Check out Riverkeeper’s letter to DEQ on Oregon LNG’s proposed water pollution permit.
Oregon LNG’s Proposed Pollution Permits
- Stormwater Pollution Permit: This permit would authorize Oregon LNG to discharge dirty stormwater to the Columbia and Skipanon Rivers while building the terminal.
- Process Wastewater Permit: This permit would allow Oregon LNG to discharge millions of gallons of polluted water and stormwater every day of the year. This includes hot water, ammonia, copper and other toxic pollutants.
- Air Pollution Permit: This permit would give the green light for air pollution from compressors, vaporizers, ships, harbor tugs, support vehicles, gas-turbines, construction dust and a number of other sources. LNG tankers and the security vessels that accompany them are required to run their engines during the entire cargo loading cycle, spewing exhaust and air.
Commissioners Vote to Reject Oregon LNG Pipeline
On October 9, 2013, the Clatsop County Board of Commissioners voted 5-0 to reject the Oregon LNG project. In particular, the Board concluded that Oregon LNG’s proposed 36-inch, high-pressure pipeline violated the county’s land use rules. The Board vote received a standing ovation from an overflow crowd in Astoria, most of whom were wearing red shirts to signify their opposition to Oregon LNG’s proposal. See next steps at the bottom of this page.
Cheryl Johnson, a retired school librarian and local activist, stated, “We are thrilled that our Commissioners have chosen to respect the overwhelming testimony of their constituents. The people of Clatsop County have been very clear: we value our farms, our forests, and our Columbia River, and we oppose the Oregon LNG export project.”
Oregon LNG spent over two years attempting to delay the hearing by the Board of Commissioners, but their legal efforts failed. In the meantime, Oregon LNG converted its project from a proposal to import natural gas to a proposal to liquefy and export gas. Without approval from the County, the project cannot be built.
“Oregon LNG has no place in Clatsop County or anywhere else in the Northwest,” added Dan Serres, Conservation Director with Columbia Riverkeeper. “As the Board noted, it’s clear that this project conflicts with local land use laws by damaging forests, harming fish habitat, and threatening local landowners. We expect state and federal officials to respect this decision, and to put an end to Oregon LNG’s energy export scheme.”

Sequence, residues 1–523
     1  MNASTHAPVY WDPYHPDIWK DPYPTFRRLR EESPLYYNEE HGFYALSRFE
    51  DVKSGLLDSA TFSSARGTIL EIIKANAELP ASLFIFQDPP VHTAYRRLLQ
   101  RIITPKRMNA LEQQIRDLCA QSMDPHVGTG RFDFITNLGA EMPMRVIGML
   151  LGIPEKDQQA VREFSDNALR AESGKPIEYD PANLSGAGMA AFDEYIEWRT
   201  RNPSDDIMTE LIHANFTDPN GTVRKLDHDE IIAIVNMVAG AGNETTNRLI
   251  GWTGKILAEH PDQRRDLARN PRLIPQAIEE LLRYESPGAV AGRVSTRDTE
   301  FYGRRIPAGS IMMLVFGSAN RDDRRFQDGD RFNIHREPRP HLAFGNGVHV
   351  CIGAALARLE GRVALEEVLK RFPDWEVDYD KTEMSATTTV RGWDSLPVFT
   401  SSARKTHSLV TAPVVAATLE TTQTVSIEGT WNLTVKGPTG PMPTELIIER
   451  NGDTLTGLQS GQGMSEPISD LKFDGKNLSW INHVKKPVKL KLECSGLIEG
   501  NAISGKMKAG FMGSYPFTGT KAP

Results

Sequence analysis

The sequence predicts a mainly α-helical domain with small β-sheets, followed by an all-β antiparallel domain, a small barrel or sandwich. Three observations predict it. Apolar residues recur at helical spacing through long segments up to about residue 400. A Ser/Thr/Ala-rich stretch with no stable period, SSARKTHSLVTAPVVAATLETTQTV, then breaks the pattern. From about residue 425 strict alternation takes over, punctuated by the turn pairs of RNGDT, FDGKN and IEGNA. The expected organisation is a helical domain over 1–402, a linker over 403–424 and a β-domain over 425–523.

Note from local activist, Laurie Caplan, on last night’s hearing and major victory
The Commissioners voted 5 – 0, unanimously, to DENY the Oregon LNG Pipeline. The hearing lasted four hours, til about 7:30 pm. The commissioners deliberated over specific findings, county rules, Goals, and the Comprehensive Plan. They were intent on doing the hearing as thoroughly as possible, and according to law.
Some 80+ NO LNGers rallied on 9th and Commercial – many were there 30 minutes before our official start time! See the determined, upbeat, and enthusiastic NO LNGers in the photo.
At least 100 people – virtually all NO LNGers, except for county commissioners and staff – filled the hearing room to standing-room-only.
Columbia Riverkeeper attorney, Lauren Goldberg, was calm, composed, respectful, knowledgeable, and spot-on in her presentation to the county commissioners.
Stick with us as we go ONWARD TO VICTORY!”
Next Steps & Take Action
Is this the final straw for Oregon LNG? We hope so. The next step in the process is for Oregon to tell the Federal Energy Regulatory Commission (FERC) that the project violates Oregon’s management plan under the Coastal Zone Management Act (CZMA). FERC cannot approve an LNG license unless the state says the project is consistent with the CZMA. Here, the project is not consistent because Oregon’s coastal plan states very clearly that a project must comply with county land use laws. Therefore, Oregon must reject the project. The Clatsop County decision to reject LNG is a major victory that we’ve been working on for years. This will be very difficult for Oregon LNG to overcome.